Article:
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High-Profile Activist Charged in May 6 Protest Violence

Maria Baronova is captured on a video exhorting protesters to charge a police line, which led to an indictment. YouTube

Moscow police filed criminal charges Thursday against a high-profile activist and hinted at further legal troubles for a pair of Duma deputies in the latest move in an increasingly forceful crackdown on opposition leaders.

Maria Baronova, a former assistant to Duma Deputy Ilya Ponomaryov, was formally charged with inciting violence during a chaotic May 6 rally on Bolotnaya Ploshchad. She was not detained but was ordered not to leave the country.

Baronova becomes the 13th activist charged in connection with the May rally, where clashes between protesters and riot police at the entrance to the site of a sanctioned demonstration ended with dozens of injuries and over 400 detentions.

A YouTube video from the protest appears to show Baronova urging protesters to charge police lines, but Baronova wrote on her blog on Thursday that the legal action was politically motivated.

“Apparently, the logic is: Let’s charge her with something, then show the whole country how opposition leaders are ‘throwing a girl under the bus’ … .” she told Radio Liberty.

Baronova’s apartment was among those searched by investigators last week during raids that also targeted the homes of opposition leaders Alexei Navalny, Sergei Udaltsov, Ilya Yashin and Ksenia Sobchak. Investigators seized electronics, propaganda — and at Sobchak’s apartment, $1.7 million in cash.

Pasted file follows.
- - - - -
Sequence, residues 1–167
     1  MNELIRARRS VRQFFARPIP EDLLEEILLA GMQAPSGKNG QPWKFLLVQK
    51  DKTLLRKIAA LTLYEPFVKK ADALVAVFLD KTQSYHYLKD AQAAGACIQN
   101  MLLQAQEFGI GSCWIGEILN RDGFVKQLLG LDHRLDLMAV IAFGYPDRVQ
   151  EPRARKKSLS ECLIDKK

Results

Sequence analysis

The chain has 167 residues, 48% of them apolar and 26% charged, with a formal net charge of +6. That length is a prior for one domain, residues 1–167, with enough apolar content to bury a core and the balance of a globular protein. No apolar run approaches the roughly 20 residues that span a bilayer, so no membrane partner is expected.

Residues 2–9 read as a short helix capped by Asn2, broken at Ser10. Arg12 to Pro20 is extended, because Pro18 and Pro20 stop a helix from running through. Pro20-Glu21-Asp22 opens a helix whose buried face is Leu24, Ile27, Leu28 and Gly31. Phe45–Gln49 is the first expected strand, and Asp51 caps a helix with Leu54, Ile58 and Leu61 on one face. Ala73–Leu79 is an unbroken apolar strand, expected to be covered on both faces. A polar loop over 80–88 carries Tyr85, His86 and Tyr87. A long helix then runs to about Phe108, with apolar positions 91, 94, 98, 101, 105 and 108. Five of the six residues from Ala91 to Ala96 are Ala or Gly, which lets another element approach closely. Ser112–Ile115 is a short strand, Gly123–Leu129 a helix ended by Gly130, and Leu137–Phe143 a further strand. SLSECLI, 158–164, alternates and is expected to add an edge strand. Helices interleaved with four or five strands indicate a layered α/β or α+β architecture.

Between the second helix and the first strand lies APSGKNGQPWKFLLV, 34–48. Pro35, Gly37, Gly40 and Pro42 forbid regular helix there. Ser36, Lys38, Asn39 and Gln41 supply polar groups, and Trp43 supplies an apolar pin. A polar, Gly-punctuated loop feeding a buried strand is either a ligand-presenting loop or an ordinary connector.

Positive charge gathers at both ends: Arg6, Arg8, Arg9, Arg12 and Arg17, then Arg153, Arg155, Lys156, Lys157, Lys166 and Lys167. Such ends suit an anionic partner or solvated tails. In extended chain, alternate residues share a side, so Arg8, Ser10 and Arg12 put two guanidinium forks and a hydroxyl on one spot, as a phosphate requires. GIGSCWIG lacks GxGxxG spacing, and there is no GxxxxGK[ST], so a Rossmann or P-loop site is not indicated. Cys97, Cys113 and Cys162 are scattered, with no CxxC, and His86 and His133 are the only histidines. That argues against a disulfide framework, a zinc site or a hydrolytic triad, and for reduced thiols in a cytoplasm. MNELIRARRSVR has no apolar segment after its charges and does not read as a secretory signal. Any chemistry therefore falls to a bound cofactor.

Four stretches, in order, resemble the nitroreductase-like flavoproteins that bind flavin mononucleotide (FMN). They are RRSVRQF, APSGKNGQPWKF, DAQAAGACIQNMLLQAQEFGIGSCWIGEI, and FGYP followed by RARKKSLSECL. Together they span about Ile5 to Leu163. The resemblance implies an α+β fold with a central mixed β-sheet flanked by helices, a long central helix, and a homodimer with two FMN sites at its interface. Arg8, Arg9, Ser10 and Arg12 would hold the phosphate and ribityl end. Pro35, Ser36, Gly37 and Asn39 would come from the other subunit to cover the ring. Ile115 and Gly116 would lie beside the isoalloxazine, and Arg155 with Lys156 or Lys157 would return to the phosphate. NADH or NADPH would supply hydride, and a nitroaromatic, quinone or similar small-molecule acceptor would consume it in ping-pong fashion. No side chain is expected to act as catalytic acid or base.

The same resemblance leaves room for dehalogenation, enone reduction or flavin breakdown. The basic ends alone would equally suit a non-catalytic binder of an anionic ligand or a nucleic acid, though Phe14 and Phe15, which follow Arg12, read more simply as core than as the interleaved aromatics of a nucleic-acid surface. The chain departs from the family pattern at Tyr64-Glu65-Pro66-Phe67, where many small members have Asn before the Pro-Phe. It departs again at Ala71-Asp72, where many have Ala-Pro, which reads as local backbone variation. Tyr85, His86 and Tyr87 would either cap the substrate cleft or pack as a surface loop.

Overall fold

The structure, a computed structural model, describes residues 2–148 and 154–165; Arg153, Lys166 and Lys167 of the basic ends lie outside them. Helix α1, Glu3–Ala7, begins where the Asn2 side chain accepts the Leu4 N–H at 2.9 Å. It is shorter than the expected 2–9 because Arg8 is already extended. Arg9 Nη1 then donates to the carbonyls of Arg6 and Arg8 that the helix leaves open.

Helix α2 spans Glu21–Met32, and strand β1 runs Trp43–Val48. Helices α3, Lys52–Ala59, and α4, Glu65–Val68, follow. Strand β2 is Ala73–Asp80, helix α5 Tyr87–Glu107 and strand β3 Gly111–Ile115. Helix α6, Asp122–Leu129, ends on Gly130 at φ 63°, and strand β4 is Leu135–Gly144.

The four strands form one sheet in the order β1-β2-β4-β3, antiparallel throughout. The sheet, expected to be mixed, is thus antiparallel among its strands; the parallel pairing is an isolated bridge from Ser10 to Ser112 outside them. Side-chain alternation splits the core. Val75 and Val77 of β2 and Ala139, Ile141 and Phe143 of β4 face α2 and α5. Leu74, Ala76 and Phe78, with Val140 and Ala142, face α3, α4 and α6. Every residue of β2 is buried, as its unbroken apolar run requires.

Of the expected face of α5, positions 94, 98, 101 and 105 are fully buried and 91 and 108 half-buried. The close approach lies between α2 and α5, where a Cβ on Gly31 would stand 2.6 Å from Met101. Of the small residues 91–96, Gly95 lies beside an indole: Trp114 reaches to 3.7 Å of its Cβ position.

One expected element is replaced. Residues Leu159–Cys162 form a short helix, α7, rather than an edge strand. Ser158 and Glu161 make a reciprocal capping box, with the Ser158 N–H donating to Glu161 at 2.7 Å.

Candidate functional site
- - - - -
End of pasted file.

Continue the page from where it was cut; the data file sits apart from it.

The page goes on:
Of the group, only Baronova has been charged, while the others have been repeatedly questioned as witnesses.

News of the charge against Baronova came as First Deputy Prime Minister Igor Shuvalov called on the government to work with anti-government protesters.

“We are, of course, obliged to work with everyone, including those who protested on Bolotnaya and Prospekt Sakharova, as well as those who don’t agree with them. The task of government is to form a social consensus,” Shuvalov told investors and senior officials in St. Petersburg, adding that the government should explain necessary but unpopular decisions.

Meanwhile, pressure appeared to be mounting on A Just Russia Duma Deputies Gennady and Dmitry Gudkov after a tabloid news website published allegations Thursday that police seized a truckload of “gray-market” iPhones and iPads on the grounds of their family’s companies.

The two denied the report, which cited an anonymous police source, saying that the electronics were discovered in a neighboring building.

But a police representative insisted that the electronics were seized at the address where the Gudkovs’ businesses are located, RIA-Novosti reported. The representative said a decision had not yet been made to open a criminal case.

Last month, a private security company belonging to the Gudkov family was stripped of a key license after inspectors said the company was storing weapons improperly. They said the move was retaliation for their support of the opposition.

Staff writer Howard Amos contributed to this report.

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